Cooking with Karel Anne: Morning After Posole

This rich flavorful broth helps the day when it was quite the party the night before. Your body needs hydration, protein, and Vitamin C, all of which this dish gives you. Prepare this on New Year's Eve Day, and it will be ready to reheat and taste delicious for a Happy New Year's DAY indeed!

Morning After Posole
Chef Karel Anne Tieszen

Serving Size : 8
2 poblano peppers -- fresh
1 tablespoon oil
1 1/2 pounds pork loin -- cut in 1-inch cubes
1 cup onion -- diced
5 cloves garlic -- minced
2 teaspoons cumin powder
1 teaspoon oregano
1 teaspoon chili powder
1/2 teaspoon kosher salt
1/4 teaspoon cloves
1 jalapeno -- seeded and diced
1 can red enchilada sauce -- 14.5 ounces
6 cups chicken broth
1 bunch cilantro -- (See notes)
1 can hominy -- drained and rinsed
1 large lime -- Cut in 8 wedges

1. Preheat the broiler. Cut the poblanos in half and seed them. Place them on foil, cut side down about 6 inches

under the broiler. Watch carefully.

As the skin blackens and blisters, remove from the oven, place in a produce bag or bowl and cover with plastic wrap.

Allow to steam and then cool; about 20 minutes.

After cooled, peel the skins and discard the shiny plastic-like layer. Dice the chiles and set aside.

2. Heat the oil in a large pot. Add pork loin and sear all edges. Remove pork to a bowl nearby. Stir the onion and garlic into the hot oil, and cook until softened.

3. Add the dried spices and stir into the onions. Next add the jalapeno, diced chiles, enchilada sauce and broth. Bring to a boil over high heat, then add the pork cubes. Reduce to medium low, cover and simmer for an hour.

4. Place 1 /4 cup of cilantro leaves aside. Chop the remainder. Add hominy and chopped cilantro to the pot, and simmer for another 30 minutes.

5. When the pork is tender, remove from heat and serve in bowls. Place a few cilantro leaves on top and squeeze a lime wedge into the bowl just before serving.

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Per Serving: 160 Calories; 6g Fat (35.0% calories from fat); 16g Protein; 10g Carbohydrate; 2g Dietary Fiber; 36mg Cholesterol; 903mg Sodium.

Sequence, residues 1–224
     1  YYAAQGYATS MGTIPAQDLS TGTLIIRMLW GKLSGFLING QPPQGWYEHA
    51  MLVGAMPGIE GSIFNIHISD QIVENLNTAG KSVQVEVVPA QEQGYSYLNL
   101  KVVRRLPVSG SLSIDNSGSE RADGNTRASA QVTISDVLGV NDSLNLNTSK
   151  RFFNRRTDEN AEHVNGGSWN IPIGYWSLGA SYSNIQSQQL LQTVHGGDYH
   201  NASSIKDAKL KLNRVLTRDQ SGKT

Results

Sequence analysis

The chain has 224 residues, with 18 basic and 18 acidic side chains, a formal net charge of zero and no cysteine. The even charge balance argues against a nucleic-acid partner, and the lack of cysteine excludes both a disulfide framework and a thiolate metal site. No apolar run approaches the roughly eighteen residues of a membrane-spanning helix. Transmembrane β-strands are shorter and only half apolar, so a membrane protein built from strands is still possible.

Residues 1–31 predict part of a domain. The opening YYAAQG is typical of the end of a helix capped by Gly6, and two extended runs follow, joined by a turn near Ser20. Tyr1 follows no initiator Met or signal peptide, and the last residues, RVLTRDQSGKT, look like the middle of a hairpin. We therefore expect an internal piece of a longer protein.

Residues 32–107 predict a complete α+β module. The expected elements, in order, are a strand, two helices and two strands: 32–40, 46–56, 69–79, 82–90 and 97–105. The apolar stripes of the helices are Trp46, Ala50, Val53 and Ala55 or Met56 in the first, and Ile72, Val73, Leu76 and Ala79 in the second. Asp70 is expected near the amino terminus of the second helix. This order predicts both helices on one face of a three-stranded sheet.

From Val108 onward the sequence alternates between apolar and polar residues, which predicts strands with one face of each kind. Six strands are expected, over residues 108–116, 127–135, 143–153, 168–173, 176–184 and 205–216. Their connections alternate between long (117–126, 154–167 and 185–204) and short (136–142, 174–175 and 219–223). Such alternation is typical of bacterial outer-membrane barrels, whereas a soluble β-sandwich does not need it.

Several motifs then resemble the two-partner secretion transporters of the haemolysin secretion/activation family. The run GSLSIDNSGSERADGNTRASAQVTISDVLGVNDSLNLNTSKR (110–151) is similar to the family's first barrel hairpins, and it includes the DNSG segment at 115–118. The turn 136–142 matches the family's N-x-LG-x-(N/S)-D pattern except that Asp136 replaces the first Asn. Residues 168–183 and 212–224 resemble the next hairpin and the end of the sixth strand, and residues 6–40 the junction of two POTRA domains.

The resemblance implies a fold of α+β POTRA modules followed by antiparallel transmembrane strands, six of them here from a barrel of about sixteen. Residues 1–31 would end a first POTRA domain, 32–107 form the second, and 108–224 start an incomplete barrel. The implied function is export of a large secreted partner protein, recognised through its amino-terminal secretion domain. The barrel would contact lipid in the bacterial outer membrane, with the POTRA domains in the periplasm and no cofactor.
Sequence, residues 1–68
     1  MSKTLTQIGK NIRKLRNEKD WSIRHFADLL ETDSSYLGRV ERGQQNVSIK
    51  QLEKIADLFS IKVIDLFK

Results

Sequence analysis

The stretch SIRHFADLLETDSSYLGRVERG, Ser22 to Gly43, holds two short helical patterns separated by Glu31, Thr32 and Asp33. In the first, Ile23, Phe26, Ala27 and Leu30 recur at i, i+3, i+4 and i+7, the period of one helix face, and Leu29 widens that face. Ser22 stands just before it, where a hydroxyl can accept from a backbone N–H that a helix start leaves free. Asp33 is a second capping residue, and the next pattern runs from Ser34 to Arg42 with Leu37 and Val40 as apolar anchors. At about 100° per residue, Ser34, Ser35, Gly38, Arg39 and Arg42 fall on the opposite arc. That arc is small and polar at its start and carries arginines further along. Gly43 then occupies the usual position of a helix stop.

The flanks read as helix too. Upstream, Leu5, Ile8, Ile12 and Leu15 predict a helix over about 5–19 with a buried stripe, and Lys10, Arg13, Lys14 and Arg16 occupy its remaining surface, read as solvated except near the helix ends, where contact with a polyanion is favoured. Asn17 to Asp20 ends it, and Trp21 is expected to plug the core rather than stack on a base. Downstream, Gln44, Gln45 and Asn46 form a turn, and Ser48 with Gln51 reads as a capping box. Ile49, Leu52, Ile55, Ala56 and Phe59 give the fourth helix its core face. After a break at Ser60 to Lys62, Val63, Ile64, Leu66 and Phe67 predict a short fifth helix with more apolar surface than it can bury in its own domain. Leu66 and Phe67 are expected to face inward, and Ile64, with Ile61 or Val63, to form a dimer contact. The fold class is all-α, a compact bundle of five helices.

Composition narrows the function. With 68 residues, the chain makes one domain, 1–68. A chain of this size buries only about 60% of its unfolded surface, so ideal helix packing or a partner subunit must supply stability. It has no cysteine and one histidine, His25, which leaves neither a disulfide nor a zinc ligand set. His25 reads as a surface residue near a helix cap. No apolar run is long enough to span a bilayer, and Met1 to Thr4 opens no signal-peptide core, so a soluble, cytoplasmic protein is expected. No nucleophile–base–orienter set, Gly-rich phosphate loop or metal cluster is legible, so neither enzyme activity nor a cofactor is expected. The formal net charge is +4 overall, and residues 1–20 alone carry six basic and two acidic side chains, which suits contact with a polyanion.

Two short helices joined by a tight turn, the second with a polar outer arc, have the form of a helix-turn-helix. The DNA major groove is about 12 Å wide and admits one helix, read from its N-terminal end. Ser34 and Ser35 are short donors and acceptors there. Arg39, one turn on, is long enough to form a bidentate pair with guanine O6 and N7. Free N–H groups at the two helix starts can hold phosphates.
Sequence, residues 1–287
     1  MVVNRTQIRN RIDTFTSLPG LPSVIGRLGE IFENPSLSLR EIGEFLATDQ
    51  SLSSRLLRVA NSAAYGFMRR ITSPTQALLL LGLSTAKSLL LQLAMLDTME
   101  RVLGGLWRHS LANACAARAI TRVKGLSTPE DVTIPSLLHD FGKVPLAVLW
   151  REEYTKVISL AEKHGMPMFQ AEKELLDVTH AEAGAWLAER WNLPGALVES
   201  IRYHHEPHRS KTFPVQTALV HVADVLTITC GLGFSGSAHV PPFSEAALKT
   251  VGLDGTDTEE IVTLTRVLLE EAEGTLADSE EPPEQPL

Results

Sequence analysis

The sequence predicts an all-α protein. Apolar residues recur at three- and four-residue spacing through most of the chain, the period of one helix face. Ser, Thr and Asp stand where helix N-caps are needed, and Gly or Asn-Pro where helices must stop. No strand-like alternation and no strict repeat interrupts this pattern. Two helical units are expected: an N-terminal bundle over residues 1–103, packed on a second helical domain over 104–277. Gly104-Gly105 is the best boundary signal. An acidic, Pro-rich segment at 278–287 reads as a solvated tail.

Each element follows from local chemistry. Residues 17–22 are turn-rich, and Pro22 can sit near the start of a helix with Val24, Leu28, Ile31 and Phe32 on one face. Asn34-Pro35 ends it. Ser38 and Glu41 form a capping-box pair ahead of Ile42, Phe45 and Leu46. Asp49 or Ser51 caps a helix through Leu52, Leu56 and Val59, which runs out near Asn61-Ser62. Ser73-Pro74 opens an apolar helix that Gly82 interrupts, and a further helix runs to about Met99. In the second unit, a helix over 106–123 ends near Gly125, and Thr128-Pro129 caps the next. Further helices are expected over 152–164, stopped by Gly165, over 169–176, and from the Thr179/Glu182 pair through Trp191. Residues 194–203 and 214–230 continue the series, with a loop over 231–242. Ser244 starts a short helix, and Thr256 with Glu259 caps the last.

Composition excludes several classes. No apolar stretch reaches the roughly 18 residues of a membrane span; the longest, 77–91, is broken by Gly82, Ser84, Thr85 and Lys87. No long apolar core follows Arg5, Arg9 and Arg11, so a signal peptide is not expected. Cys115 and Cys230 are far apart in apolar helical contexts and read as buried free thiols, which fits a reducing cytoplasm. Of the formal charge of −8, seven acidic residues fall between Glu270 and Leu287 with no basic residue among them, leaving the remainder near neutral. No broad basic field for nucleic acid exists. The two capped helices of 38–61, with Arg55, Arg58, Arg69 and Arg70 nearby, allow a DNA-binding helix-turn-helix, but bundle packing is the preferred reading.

Including 72% of your daily Vitamin C & 34% of Vitamin B.

Traditional Hangover foods:

• A meal that includes eggs (for the cysteine), a banana (for the potassium), and fruit juice (for the fructose) or a sports drink (for the electrolytes, sugars and salts) can get the body on the road to recovery. Keep in mind that caffeinated coffee, tea and soda will further dehydrate a drinker.

Eggs do also contain large amounts of cysteine, the substance that breaks down the hangover-causing toxin acetaldehyde in the liver's easily depleted glutathione. Therefore, eggs can potentially help mop up the left-over toxins.

Asparagus and the morning after:

. "The two key enzymes, alcohol dehydrogenase (ADH) and acetaldehyde dehydrogenase (ALDH) quickly metabolize ethanol into the 'nontoxic' acetate," explains Deokbae Park, PhD, professor of medicine at Cheju National University School of Medicine in Korea. "Our study basically aimed to find any diet to promote the breakdown of ethanol by stimulating the two key enzymes," he says. By adding the asparagus extract to liver cells in the lab, they determined that asparagus is high in amino acids that stimulate those enzyme functions, accelerating the breakdown of alcohol.

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